The first Hollywood “moody, sensitive young man”
Remembering the talented and legendary actor Montgomery Clift
Montgomery Clift’s New York Times obituary in 1966 noted his portrayal of the “moody, sensitive young men”. The actor who paved the way for others like James Dean, was born Edward Montgomery Clift on October 17, 1920, in Omaha, Nebraska. As a teenager and young man, Clift could never adjust to school, and instead, he took the stage acting, beginning in a summer production, which led to his debut on Broadway by 1935. In 1945, at the age of 25 he moved to Hollywood, but not to become just another trendy actor. Clift was one of the original method actors in Hollywood, he was one of the first actors to be invited to study in the Actors Studio with Lee Strasberg and Elia Kazan, along with Marlon Brando and James Dean. His first movie role was opposite John Wayne in “Red River”, which was shot in 1946 and released in 1948. On his second movie, “The Search”, unhappy with the quality of the script, he edited it himself. The movie was awarded a screenwriting Academy Award for the credited writers and Clift’s naturalistic performance, earned him his first nomination of an Academy Award for Best Actor. He quickly became a rising star in Hollywood and also, targeted as “Sex Symbol” due to his good looks. But despite the rumors of him dating other actresses in Hollywood, such as his co-star and friend Elizabeth Taylor, Clift was gay, an open secret in Hollywood in a time that actors couldn’t come out, risking to see their careers ending if they did so. Among his most well known romantic connections are the ones with other two big Hollywood sex symbols, Marlon Brando and James Dean. Dean reportedly gain an obssession with Clift after arriving to Hollywood and would leave cryptic voice mails in his phone. Clift never came out as gay, but in 2000, at the GLAAD Media Awards, where Taylor was honored for her work for the LGBT community, she made the first public declaration by any one of the fact that Clift was gay and called him, her closest friend and confidant.During the 1950’s, Clift made some of his most famous and acclaimed movies, being perhaps the 1951 “A Place In The Sun” his signature role. He worked extensively on it and for his character’s scenes in jail, Clift spent a night in a real state prison, putting in practice the method acting. For his performance, he was again nominated for an Academy Award for Best Actor. Marlon Brando, was so moved by Clift’s performance that he voted for Clift to win the award.
The “longest suicide in Hollywood history”
In 1956, at age 36, Clift’s life changed drastically. While filming “Raintree County”, Clift was involved in a serious car accident when he apparently fell asleep while driving and smashed his car into a telephone pole minutes after leaving a dinner party at the Beverly Hills home of his close friend Elizabeth Taylor. Taylor, alerted by a witness of the accident, saved his life, when she raced to Clift’s side, manually pulling a tooth out of his tongue as he had begun to choke on it. He suffered a broken jaw and nose, a fractured sinus, and several facial lacerations which required plastic surgery, and as a result, there were noticeable differences in his facial appearance, particularly the left side of his face, which was nearly immobile. The pain of the accident led him to rely on alcohol and pills for relief, and he never physically or emotionally recovered from his car accident. Because of his subsequent abuse of painkillers and alcohol. his post-accident career has been referred to as the “longest suicide in Hollywood history”. He still continued his career, but, his erratic behavior and addictions, slowly started to burn out his star. In 1961 he starred in another iconic movie, “The Misfits” directed by John Huston. The movie is notable for being the final one of Marilyn Monroe and Clark Gable. Monroe, who was also having emotional and substance abuse problems at the time, famously described Clift in a 1961 interview as “the only person I know who is in even worse shape than I am”. Montgomery Clift’s last nomination for an Academy Award was for Best Supporting Actor for his role in the 1961 movie “Judgment at Nuremberg”, a 12-minute supporting part where he played a developmentally disabled man who had been a victim of the Nazi sterilization program. On July 23, 1966, aged 45, Clift died in his New York City apartment. The official cause of death was listed as a heart attack, but is commonly believed that drug addiction was the main responsible for his early demise.Despite never achieving the same legendary level of James Dean or Marlon Brando, Clift remains the original “moody, sensitive young man”, and he wrote an important chapter in the movies history that still earns him a large cult following due to his intense development of the roles he played. Recently, in September 2018, the documentary “Making Montgomery Clift” was released, a revealing documentary that is based around a collection of audio tapes and other memorabilia kept by the Clift family.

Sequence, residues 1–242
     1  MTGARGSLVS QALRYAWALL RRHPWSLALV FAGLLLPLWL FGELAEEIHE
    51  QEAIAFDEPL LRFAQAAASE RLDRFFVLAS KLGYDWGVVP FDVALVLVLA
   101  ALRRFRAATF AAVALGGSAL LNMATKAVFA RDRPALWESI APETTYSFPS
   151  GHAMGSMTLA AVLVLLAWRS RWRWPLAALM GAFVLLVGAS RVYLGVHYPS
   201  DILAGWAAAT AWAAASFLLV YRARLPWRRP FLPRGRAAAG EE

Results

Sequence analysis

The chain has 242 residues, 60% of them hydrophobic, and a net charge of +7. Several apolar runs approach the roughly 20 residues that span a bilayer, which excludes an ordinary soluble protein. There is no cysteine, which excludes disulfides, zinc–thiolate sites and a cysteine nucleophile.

Watch the 1951 acclaimed performance of Montgomery Clift in the movie “A Place In The Sun” alongside Elizabeth Taylor
Watch the trailer for the 2018 documentary “Making Montgomery Clift”
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